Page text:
This divided system is designed to provide grassroots input and create an environment for dynamic diversity in the party, but it also creates a formula for conflict and counterinsurgency which can get very nasty, because the Central Committee can potentially block the installation of officers and apparently even remove them from office against the wishes of the majority of the party membership, whose direct role is limited to the biennial convention, leaving them with no way to respond to protect their interests until the next convention.
The result is what many Republicans in Alaska perceive as a coup overthrowing the elected leadership of the party by a group of long-time office holders seeking to perpetuate an oligarchic control of the party which opposes change and is unfriendly to new members. The refusal of the establishment leaders to give anyone outside of their circle access to financial records, mailing lists or fundraising information makes the situation look even more suspicious, especially because it seems as if denying them access to those party resources may have been the motive behind opposition to Millette and Brown.
The situation is made worse by the perception that the cabal of insiders will not support reform-oriented candidates for office. They supported Lisa Murkowski as a write-in candidate against grassroots party nominee Joe Miller in the last Senatorial election. Now they are afraid of a Republican grassroots challenge to Don Young’s 42 year reign of mediocrity as Alaska’s one House member. If they are still in power in 2016 they will certainly oppose any more liberty-oriented candidate who wants to run in the primary to challenge Democrat Senator Mark Begich.
Of course, they may not be in power in 2016.
One thing their strong arm tactics has guaranteed is a backlash in 2014. They have alienated more party members and more potential newcomers and created an atmosphere of extreme hostility in the grassroots. Rather than giving up in disgust, it’s quite likely that the people they have disenfranchised will stick around for revenge. Now they understand they need to take over the party district by district as well as at the convention in order to take and hold power. And there is no question that after this debacle the base of the party wants the ruling cabal gone once and for all.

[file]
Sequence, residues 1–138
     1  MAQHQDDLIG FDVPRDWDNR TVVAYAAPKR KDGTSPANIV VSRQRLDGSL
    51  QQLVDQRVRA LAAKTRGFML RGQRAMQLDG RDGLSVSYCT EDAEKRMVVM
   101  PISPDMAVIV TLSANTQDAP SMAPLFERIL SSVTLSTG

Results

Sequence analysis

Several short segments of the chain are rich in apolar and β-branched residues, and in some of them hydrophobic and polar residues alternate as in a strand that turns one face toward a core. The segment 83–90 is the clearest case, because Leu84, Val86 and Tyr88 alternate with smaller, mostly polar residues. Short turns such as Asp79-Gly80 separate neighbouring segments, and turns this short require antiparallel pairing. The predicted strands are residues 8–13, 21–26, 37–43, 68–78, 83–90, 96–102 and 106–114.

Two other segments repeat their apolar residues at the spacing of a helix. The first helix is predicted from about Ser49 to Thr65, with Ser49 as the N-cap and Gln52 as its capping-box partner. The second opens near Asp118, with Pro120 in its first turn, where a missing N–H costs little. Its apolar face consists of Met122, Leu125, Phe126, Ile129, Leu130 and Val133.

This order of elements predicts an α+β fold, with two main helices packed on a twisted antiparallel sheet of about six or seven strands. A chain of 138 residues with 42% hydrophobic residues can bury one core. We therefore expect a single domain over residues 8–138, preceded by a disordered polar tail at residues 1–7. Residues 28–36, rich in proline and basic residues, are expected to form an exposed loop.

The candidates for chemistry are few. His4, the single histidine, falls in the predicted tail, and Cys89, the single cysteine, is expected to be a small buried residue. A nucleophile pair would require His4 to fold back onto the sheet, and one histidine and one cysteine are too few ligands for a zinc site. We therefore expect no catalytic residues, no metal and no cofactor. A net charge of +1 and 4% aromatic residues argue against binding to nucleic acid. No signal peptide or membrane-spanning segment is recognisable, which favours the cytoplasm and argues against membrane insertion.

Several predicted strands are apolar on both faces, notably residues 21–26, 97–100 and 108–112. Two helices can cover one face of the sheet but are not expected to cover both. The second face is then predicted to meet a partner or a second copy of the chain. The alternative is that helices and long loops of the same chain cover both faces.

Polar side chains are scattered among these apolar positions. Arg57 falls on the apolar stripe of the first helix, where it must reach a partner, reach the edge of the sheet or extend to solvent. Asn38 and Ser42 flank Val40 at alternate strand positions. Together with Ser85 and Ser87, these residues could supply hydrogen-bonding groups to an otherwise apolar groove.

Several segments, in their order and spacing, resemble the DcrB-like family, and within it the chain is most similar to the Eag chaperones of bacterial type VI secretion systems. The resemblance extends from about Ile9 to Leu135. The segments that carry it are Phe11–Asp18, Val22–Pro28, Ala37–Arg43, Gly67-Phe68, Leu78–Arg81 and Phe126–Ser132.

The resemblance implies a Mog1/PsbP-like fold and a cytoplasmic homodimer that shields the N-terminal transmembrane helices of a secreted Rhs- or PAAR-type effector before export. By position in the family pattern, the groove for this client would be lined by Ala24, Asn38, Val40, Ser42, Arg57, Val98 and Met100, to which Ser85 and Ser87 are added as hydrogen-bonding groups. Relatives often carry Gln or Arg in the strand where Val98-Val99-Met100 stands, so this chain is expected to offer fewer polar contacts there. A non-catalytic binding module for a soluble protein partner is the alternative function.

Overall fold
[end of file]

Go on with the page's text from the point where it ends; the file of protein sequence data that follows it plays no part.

This is a larger scale version of the story which is being played out in many county and state Republican parties around the country. A new generation of activists and leaders is rising in the party and demanding change and when they meet resistance from the establishment it can sometimes get pretty bloody. What is happening in Alaska is not surprising or unique. It’s just more blatant and shameless.
If anything is surprising about the mess in the Alaska GOP, it is that it is not getting more attention from outside the state. The national media is largely ignoring it, although it could be a very juicy story. When the controversy was brought before the Republican National Committee at their last meeting, they pointedly avoided dealing with it, brushing it off as an internal squabble.
Even though Alaska seems small and far away, if Reince Priebus and his administration have any awareness at all of the crisis the party faces natiowide, they ought to be paying very close attention. Alaska presents a worst case scenario of how not to respond to a grassroots insurgency. Trying to ignore the situation makes the party’s national leadership look extremely weak. Allowing the membership of an entire state party to be disenfranchised by an entrenched and corrupt oligarchy makes their claims to embrace change and reform look as hollow as many grassroots Republicans have suspected all along.